This video from the USA says about itself:
9/15/08: New York artist Geoffrey Raymond uses the scene surrounding the Lehman Brothers’ bankruptcy to create a piece of artwork documenting a unique moment. (Producer/Camera/Editor: Ira Spitzer)
From Art for a Change blog in the USA:
Art and the Global Economic Meltdown
An unavoidable political topic is on the lips of everyone in the art world these days, I am not speaking of the U.S. presidential election – but of an international economic meltdown the likes of which we have not seen since the Great Depression of the 1930s. No matter what “new” political circumstances we wake up to in the aftermath of election day, the reality of economic disintegration will still be staring us in the face. That fact will be shaping the world of art from top to bottom for many years to come, raising some important questions that artists will have to meet head-on, not the least of which is, how will artists be able to sell their works – an already difficult process – under the extremely tough conditions imposed by an economic catastrophe?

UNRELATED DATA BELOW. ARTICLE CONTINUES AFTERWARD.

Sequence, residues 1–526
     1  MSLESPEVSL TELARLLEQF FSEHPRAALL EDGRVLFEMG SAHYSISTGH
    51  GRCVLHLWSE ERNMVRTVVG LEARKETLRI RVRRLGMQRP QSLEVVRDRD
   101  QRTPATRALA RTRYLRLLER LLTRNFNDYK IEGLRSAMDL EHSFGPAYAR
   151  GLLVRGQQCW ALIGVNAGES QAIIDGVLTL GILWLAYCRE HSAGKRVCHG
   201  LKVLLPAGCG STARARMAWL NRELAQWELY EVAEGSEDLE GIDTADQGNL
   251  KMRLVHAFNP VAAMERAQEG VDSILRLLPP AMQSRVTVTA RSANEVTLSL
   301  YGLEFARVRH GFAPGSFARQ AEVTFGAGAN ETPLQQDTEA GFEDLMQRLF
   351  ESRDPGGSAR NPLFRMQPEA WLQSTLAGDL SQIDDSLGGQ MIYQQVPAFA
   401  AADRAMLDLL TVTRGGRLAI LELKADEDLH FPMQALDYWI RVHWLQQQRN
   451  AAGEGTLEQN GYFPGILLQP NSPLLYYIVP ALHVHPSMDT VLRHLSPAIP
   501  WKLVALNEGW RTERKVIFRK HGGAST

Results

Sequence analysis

A number of artists have already begun responding to the crisis of capitalism. Artist Geoffrey Raymond has been painting large “annotated” portraits of the powerful individuals involved in the Wall Street crash, men like Federal Reserve chairman Ben Bernanke and former Lehman Brothers chief Richard Fuld, setting the portraits up on Wall Street and allowing the public to scribble their remarks directly on the paintings. Printmaker and painter Laura Gilbert also brought her art to Wall Street, passing out signed and numbered “Zero Dollar” prints outside of the New York Stock Exchange. The imitation dollar bills display a zero instead of the numeral one. Gilbert said her prints were a comment on “the destructive role of many financial institutions, inflation and the decline of U.S. currency to the point of seeming worthlessness.”
See also here.